We’re forever trying to find good metaphors to describe the basic thesis behind long volatility type managed futures programs, which we summarize as basically accepting small but consistentlosses, in exchange for less frequent, but much larger gains. What we probably don’t explain enough is why and how those consistent losses happen. They happen because in baseball terms – it’s because they are swinging at every pitch. In poker terms – it’s because they are playing every hand the same way – always calling with xx pair, always folding when the hand doesn’t improve.
Which brings us to the following tidbit from the feature speaker at our upcoming Alternatives event in Houston – Dr. Ben Hunt, PhD, on his wonderful Epsilon Theory Blog.
I’m a good poker player….[and] I’m also a good stock picker… But I don’t consider myself to be a great poker player or a great stock picker. Why not? Because I get bored with the interminable and rigorous discipline that being a great poker player or a great stock picker requires. And I bet you do, too.Corsair Took A Hit From Small-Cap Underperformance In Q3; Says Evergrande Not The Next Lehman Brothers
Corsair Capital was down by about 3.5% net for the third quarter, bringing its year-to-date return to 13.3% net. Corsair Select lost 9.1% net, bringing its year-to-date performance to 15.3% net. The HFRI – EHI was down 0.5% for the third quarter but is up 11.5% year to date, while the S&P 500 returned 0.6% Read More
To be clear, it’s not the actual work of poker playing or stock picking that I find boring. I could happily spend every waking moment turning over a new set of cards or researching a new company. And it’s certainly not boring to make a bet, either on a hand or a stock. What’s boring is NOT making a bet on a hand or a stock. What’s boring is folding hand after hand or passing on stock after stock because you know it’s the right thing to do. The investment process that makes a great poker player or a great stock picker isn’t the research or the analysis, even though that’s what gets a lot of the attention. Nor is it the willingness to make a big bet when you believe the table or the market or the world has given you a rare combination of edge and odds, even though that’s what gets even more of the attention. No, what makes for greatness as a stock picker is the discipline to act appropriately on whatever the market is giving you, particularly when you’re being dealt one low conviction hand after another.
Investment discipline suffers under the weight of dullness and low conviction in at least four distinct ways here in the Golden Age of the Central Banker.
Dr. Hunt sure has a gift for simplifying the complex (tell all your friends in the Houston area to go hear him talk), and while he wasn’t talking about systematic managed futures/global macro strategies per se, there’s a lot to take away from his comments.
One, we’re hardwired to get bored… to seek out action, and let that boredom cause us to think an unattractive opportunity is suddenly attractive. He had this quick story on Stanley Druckenmiller to hammer that point home:
“…January of 2000 I go into Soros’s office and I say I’m selling all the tech stocks, selling everything. This is crazy at 104 times earnings. This is nuts…we’re going to step aside, wait for the next fat pitch.
So like around March I could feel it coming. I just … I had to play. I couldn’t help myself. And three times during the same week I pick up a phone but don’t do it. Don’t do it. Anyway, I pick up the phone finally. I think I missed the top by an hour. I bought $6 billion worth of tech stocks, and in six weeks I had left Soros and I had lost $3 billion in that one play. You asked me what I learned. I didn’t learn anything. I already knew I wasn’t supposed to do that. I was just an emotional basket case and couldn’t help myself. “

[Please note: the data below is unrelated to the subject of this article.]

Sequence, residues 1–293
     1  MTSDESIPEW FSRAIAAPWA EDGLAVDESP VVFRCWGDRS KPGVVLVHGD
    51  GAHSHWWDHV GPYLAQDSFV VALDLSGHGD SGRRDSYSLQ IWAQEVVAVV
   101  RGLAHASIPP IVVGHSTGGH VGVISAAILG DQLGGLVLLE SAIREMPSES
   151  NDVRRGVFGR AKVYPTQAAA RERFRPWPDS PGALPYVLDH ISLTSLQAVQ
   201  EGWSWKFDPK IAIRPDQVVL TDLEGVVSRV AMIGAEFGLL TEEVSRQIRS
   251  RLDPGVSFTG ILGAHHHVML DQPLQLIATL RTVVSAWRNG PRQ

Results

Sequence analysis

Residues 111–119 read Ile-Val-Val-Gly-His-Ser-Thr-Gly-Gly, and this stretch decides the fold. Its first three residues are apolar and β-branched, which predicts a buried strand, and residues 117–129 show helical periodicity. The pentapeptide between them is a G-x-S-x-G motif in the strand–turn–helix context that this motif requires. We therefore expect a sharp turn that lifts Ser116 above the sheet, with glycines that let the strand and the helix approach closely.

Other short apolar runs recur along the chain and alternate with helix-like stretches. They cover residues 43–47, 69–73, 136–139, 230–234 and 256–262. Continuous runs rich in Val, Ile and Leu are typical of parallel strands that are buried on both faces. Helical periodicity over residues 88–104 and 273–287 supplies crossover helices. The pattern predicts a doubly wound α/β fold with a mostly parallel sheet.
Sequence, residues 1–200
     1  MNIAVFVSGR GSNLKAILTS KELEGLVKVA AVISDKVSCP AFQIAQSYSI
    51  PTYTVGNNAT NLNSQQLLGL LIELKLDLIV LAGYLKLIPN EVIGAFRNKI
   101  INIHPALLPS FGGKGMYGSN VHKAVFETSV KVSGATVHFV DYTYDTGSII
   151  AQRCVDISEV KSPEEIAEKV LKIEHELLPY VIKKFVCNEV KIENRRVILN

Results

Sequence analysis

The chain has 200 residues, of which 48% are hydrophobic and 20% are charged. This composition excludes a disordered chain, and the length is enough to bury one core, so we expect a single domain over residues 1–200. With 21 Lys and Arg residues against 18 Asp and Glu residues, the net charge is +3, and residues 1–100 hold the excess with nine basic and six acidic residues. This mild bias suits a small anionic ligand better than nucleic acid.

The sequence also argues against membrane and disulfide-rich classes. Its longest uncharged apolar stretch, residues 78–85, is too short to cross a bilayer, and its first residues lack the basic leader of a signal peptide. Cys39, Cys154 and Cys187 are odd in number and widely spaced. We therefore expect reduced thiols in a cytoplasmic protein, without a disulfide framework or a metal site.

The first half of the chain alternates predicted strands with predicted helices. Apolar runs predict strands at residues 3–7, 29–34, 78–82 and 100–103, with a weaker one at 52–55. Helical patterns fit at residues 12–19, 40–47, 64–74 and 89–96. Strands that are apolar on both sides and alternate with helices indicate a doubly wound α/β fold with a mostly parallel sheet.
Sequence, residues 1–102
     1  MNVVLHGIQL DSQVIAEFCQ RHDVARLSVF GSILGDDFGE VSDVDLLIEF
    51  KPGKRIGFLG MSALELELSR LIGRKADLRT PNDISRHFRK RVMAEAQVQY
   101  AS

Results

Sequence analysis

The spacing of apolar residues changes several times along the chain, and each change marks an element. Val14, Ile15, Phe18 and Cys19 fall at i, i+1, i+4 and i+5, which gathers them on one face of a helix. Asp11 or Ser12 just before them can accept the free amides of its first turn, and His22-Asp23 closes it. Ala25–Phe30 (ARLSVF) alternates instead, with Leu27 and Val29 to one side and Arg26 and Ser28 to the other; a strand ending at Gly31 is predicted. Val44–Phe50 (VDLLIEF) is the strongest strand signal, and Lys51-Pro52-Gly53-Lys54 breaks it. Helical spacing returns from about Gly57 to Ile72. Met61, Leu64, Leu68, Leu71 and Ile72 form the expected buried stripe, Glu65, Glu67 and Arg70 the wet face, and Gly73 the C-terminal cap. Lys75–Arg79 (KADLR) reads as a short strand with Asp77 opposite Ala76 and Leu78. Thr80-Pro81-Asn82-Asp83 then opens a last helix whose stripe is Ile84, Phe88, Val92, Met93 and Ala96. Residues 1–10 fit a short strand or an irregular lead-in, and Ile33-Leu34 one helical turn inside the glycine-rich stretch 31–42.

If living in the NASDAQ bubble can make Stan Druckenmiller convince himself that stocks trading at >100x earnings were a high conviction play only a few months after selling out of them entirely, what chance do we mere mortals have in not succumbing to 6-plus years of the most accommodative monetary policy in the history of man?
Two, we’re hardwired to pay really good attention to what’s in front of us…but not so good at weighing what’s in front of us against what’s behind us, or what may be better for us in the future (except those who pass the marshmallow test, I suppose).
Humans are excellent at prioritizing the risks and opportunities that they are paying attention to at any moment in time, and excellent at allocating their behavioral budget accordingly. It’s why we’re really good at driving cars or, in primate days of yore, surviving on the Serengeti plains. But if asked to compare the risks and rewards of a current decision opportunity with the risks and rewards of a decision opportunity last year (much less 10 years ago), or if asked to compare the opportunity we’ve been evaluating for months with something less familiar, we are utterly flummoxed.
Now, Hunt’s solution to these problems is to “take what the market gives you.” An overly simplistic solution, you’re likely to think at first, until seeing the detailed example he follows that with. But our brains (perhaps because they are hardwired that way…) jumped right to systematic managed futures/global macro type strategies, for it is those types of strategies which insure you play every hand consistently and don’t get bored. It is those strategies which make risk normalized sized bets across dozens of global market sectors, not being drawn like a moth to the hot sector or current narrative (Oil, interest rates, etc). Systematic strategies cure many of the human hardwiring which can make us “good” investors, not “great.”
PS – in the Houston area, go hear Dr. Ben Hunt and a panel of 6 professional managed futures and global macro fund managers explain how and why they approach the markets the way they do. The event is free to attend.